Enrico Fantozzi

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What You Say When You Don’t Say a Thing: The Power of Body Language

Go to YouTube, and pick a video of someone giving a speech. Watch it without any volume. You won’t catch the specifics of what she’s talking about, but can you tell how she feels? Is this a somber event or a celebration? Is the speaker nervous or confident? Does she seem like a capable leader?

You probably had definitive answers for each of those questions. So how is it that you could glean so much about the speaker and the event without hearing a word that was spoken?

That’s the power of body language.

Body language includes the posture, gestures, facial expressions, and movements that contribute to a speaker’s presence, doing more than the words themselves to indicate how the speaker feels—and how the audience should feel—about the message.

Body Language Enables Emotional Contagion

Have you ever referred to somebody’s excitement (or bad mood) as “contagious?” It may be a figure of speech, but it’s not inaccurate.

“Emotional contagion” refers to the idea that we can “catch” the feelings and moods of the people around us, and we do it primarily through body language. If somebody’s leaning toward you a bit while telling a story, using big hand gestures and happy facial expressions, you’re likely to pick up on her excitement and start to feel just a little giddy, yourself. If the authority figures in an emergency situation are projecting calm confidence, you’ll feel more at ease; but if they’re wringing their hands and pacing the floor, you’re likely to be just as nervous as they are.

And as a speaker in a professional situation, you have the same power to influence your audience’s emotions by the way you carry yourself, the way you gesture, and the way you move on stage.

4 Ways to Ensure Your Body Language Is Getting the Right Message Across

There are countless things to think about in terms of presence in front of an audience, but we’ve highlighted some of the most important for you here.

1.   Use Natural, Organic Gestures

If you’ve ever seen a speaker or actor gesticulate wildly, you know how distracting it can be. And if you’ve ever seen someone stand with his hands at their sides for an entire presentation, you know that’s not good, either. Focus on using your hands in a way that feels natural and purposeful, emphasizing key points or helping the audience follow along with your message. Quantified’s friend and occasional research partner, Science of People’s Vanessa Van Edwards, recommends imagining a box in front of you—not unlike the strike zone in front of home plate—and keeping your gestures within that box to avoid making them too dramatic.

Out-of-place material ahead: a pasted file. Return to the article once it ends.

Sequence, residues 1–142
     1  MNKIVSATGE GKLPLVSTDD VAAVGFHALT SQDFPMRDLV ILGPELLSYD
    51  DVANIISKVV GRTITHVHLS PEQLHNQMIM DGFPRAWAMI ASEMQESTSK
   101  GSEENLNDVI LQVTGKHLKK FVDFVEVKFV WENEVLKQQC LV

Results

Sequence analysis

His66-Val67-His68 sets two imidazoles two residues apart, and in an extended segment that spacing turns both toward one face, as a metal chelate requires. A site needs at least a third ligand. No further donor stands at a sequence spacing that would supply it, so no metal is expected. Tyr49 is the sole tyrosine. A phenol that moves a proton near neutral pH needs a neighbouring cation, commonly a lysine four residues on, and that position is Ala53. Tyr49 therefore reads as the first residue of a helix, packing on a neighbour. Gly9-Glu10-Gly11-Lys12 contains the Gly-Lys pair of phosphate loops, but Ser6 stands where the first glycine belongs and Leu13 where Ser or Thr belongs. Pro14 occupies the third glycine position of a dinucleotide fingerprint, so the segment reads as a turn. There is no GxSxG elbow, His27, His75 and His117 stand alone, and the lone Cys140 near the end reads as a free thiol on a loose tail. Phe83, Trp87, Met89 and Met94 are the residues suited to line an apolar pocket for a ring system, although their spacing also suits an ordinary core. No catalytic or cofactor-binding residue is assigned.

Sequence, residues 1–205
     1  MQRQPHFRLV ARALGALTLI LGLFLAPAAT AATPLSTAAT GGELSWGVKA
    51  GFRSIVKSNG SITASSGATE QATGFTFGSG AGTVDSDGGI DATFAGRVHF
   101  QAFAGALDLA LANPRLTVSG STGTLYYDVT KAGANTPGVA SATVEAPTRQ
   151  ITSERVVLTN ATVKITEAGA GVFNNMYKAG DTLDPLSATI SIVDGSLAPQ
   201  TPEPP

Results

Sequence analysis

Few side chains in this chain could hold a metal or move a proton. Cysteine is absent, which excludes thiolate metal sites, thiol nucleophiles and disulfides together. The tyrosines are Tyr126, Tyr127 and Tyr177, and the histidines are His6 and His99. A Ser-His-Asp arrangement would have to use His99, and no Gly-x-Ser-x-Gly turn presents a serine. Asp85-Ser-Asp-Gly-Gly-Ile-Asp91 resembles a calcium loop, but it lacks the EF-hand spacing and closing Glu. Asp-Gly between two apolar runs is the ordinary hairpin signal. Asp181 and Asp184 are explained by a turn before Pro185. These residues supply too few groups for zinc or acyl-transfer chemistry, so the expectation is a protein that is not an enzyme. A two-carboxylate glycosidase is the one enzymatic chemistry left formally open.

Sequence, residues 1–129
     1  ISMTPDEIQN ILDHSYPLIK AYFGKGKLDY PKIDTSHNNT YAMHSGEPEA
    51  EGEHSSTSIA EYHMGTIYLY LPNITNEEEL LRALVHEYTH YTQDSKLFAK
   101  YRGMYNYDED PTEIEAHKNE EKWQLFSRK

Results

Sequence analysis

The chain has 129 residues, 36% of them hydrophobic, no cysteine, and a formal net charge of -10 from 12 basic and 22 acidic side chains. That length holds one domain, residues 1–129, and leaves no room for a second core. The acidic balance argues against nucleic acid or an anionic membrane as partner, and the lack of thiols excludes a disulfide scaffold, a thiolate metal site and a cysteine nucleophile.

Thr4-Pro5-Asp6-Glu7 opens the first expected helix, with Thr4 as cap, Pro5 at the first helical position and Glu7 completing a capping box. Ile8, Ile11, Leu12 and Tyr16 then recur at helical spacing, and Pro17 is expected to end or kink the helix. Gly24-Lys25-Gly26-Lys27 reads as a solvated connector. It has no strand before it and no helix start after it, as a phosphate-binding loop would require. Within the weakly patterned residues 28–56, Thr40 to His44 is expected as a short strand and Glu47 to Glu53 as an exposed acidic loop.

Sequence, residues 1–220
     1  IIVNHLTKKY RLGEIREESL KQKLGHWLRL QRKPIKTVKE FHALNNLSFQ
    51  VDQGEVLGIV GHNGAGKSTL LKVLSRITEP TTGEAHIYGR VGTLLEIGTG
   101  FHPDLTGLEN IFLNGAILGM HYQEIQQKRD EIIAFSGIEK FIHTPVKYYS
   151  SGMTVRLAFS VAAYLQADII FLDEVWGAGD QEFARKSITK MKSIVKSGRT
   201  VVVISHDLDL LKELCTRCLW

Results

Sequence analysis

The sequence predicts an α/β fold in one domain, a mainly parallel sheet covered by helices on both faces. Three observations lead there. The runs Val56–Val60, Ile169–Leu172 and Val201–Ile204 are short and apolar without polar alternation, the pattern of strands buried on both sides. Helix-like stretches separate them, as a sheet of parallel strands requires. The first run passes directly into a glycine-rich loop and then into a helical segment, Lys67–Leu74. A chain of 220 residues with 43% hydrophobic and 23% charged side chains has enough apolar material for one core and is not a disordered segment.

2.   Make Eye Contact

Well-meaning people often tell nervous speakers to look just over the audience’s head. This doesn’t work. Your audience will know that you’re not connecting with them and, in return, they’ll disengage. Instead, make direct eye contact, focusing on individual audience members in each part of the room. But don’t get yourself locked in a staredown, either! Quantified’s research shows that the sweet spot for holding eye contact with any one audience member is about three seconds. 

3.   Stand Up Straight

Have you ever watched somebody hunch over the podium or slouch around the stage during a talk? You probably thought he looked nervous, or as though he’d rather be anywhere else but talking to you, and chances are you don’t remember much of what he said. When you’re addressing a crowd, be sure you’re standing up straight in a relaxed but engaged posture. You can even lean toward the audience just a bit to create a sense of closeness and intimacy between you and the people you’re talking to.

4.   Practice

It’s a strange phenomenon, when we get into an uncomfortable situation—whether we’re on stage in front of hundreds of people or in a one-on-one conversation with somebody who makes us nervous—and we suddenly forget how our hands work or how to plant our feet. But just like with every skill, practice makes better.  The only way to really understand and internalize the postures, expressions, and gestures that feel natural in our bodies is to practice. The rule of thumb is one hour of practice for every minute of performance, but at the very least it’s important for speakers to get at least three full runs in before it’s time to take the mic. That gives them the opportunity to work out the kinks and get a sense for how body language and content can work together to wow the audience.



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